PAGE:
A

horrific

experience is truly upsetting, overwhelmingly painful, frightening, or revolting. “The slaughter of innocent people is a
horrific
crime.”
Horrific
applies in circumstances of war, violent crime, brutality, and tragedy.

Incapable/Unable


Incapable
and
unable
signify a lack of ability to do something, but they describe “not-ableness” from two points of view.



Incapable

conveys a sense of “inherently lacking” the ability or power to do something. “The two-year-old was
incapable
of comprehending
War and Peace
.” Uh, right. Some of us feel the same way, as adults! Here, the inability is internal to the person, implying that the person can’t do anything to change the incapacity.

The word

unable

is a relaxed version of “not-ableness.” The person is capable of doing the thing,
 
but there’s a temporary block. “She was
unable
to listen to the clown’s life story while he juggled his balls in the air.” “I’m
unable
to read
War and Peace
if the TV’s blasting.”

Incentive/Motive

An

incentive

stimulates someone to perform an action or demonstrate a desired behavior. It’s an external stimulus (like candy): “The promise of a trip to Disney World was Daisy’s
incentive
to quit thrashing and get off the supermarket floor.” Too bad it’s probably an empty promise made by a frazzled, pleading mom.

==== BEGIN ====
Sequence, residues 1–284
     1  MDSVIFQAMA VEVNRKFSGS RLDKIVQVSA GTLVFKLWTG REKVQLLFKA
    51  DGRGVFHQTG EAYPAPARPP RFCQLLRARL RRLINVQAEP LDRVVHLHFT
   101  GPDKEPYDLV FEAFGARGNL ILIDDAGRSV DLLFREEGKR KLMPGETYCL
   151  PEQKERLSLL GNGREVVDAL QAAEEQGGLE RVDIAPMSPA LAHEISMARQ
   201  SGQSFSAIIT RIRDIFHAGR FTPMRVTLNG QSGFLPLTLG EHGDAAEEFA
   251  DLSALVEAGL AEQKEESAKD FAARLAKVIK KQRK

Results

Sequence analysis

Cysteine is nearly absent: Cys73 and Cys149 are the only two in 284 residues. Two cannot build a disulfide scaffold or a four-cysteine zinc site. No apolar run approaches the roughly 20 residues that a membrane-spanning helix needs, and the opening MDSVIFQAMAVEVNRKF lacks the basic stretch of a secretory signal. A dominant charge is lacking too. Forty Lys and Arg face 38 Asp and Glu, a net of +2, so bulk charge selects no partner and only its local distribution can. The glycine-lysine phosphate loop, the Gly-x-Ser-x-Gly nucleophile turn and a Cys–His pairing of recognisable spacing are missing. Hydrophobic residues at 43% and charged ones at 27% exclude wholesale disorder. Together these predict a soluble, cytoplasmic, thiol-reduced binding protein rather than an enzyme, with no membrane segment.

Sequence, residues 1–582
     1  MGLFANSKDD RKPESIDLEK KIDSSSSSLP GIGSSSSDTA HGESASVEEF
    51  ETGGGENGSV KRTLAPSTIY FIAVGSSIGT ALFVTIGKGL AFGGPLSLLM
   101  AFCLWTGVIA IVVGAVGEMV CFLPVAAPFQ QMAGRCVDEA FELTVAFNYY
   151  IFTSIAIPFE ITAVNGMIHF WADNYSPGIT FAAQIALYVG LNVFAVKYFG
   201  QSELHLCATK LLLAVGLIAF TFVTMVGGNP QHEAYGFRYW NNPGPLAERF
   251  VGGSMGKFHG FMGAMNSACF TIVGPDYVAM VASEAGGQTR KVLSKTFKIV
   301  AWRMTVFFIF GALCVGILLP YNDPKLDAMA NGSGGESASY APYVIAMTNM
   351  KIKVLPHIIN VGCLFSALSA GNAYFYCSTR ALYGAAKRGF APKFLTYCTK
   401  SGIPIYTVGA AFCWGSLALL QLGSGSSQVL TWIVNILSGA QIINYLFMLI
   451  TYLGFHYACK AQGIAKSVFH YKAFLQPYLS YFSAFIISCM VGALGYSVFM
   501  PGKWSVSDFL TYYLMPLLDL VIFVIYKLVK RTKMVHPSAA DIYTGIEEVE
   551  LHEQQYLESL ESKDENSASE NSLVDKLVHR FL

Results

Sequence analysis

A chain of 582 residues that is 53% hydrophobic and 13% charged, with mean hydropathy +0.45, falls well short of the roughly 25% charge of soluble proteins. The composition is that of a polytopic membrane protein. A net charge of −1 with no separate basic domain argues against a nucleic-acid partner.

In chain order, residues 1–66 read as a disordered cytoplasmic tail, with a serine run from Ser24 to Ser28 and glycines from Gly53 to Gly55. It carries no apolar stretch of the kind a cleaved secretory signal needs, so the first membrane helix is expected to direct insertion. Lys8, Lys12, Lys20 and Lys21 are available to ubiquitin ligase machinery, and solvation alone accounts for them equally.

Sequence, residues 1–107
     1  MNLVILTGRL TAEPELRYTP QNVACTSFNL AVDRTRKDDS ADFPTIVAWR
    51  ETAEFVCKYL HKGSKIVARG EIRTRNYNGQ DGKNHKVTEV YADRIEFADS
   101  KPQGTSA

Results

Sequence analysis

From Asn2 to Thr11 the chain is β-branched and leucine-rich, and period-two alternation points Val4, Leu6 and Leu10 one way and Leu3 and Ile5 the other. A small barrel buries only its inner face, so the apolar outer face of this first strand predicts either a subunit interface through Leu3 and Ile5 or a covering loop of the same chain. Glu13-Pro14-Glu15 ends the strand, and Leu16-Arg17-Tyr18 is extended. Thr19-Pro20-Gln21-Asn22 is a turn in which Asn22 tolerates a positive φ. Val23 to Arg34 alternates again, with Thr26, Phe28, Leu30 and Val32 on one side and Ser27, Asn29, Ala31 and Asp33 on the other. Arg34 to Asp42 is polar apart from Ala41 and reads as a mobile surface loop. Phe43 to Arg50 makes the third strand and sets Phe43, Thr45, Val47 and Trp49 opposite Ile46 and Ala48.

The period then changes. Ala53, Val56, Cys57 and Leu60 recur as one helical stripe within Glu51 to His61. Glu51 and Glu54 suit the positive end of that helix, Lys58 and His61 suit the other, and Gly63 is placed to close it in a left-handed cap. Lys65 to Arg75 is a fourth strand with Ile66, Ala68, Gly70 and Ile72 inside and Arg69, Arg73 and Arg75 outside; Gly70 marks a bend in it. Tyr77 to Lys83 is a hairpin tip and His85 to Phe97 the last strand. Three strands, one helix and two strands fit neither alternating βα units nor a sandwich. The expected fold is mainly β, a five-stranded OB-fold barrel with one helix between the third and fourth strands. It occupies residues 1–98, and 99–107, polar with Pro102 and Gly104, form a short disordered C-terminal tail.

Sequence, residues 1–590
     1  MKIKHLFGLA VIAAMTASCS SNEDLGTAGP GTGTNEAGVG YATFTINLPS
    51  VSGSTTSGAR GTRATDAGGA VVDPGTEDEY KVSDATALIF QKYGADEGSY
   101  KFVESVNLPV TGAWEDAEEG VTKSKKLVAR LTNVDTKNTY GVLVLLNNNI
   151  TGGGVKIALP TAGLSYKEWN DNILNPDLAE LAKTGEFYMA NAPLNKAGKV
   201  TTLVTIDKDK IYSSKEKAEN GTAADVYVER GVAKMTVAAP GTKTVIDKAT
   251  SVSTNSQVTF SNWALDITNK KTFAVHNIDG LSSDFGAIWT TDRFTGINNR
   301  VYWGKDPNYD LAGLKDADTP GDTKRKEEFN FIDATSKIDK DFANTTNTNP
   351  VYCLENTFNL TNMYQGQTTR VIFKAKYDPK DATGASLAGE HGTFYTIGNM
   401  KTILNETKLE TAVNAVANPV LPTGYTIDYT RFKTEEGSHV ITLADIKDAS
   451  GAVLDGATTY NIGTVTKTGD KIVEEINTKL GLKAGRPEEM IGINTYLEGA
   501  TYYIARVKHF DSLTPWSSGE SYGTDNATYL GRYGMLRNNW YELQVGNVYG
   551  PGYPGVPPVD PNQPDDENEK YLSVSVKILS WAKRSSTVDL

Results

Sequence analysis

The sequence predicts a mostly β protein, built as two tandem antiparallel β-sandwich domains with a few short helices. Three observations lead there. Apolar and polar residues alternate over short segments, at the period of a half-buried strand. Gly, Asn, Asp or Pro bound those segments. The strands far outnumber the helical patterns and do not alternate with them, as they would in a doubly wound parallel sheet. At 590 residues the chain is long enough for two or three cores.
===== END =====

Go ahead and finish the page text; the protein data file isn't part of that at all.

Motive

, on the other hand, is more aligned with something driven from within. “Daisy’s caring disposition was her
motive
to help Mom get the groceries.” 'Atta girl. You’ll get to Disney World that way.

Infamous/Notorious

Sometimes fame is too hard to handle. It’s already easy for people to confuse
famous
and
infamous
, but even the shadier types of fame have differences.



Infamous

is entirely negative, relating to shamefulness, outrageous or evil actions, and criminal behavior: “The
infamous
Charles Manson died while still in prison.”

On the spectrum of fame,

notorious

is more negative than positive. A notorious person isn’t known for evil or shameful behavior necessarily, they are just kind of famous for no reason (so many of those now, right?) or known for being “up to no good.”

Small tip: Use
notorious
(not
infamous
) if you want to joke around: “She’s a
notorious
blanket-hogger at tailgates.”  

Lonely/Lonesome

Unless prefaced by all, the word

alone

is the most neutral to use for “spending time by oneself.”
Lonely
and
lonesome
introduce emotional components to the colorless state of being alone.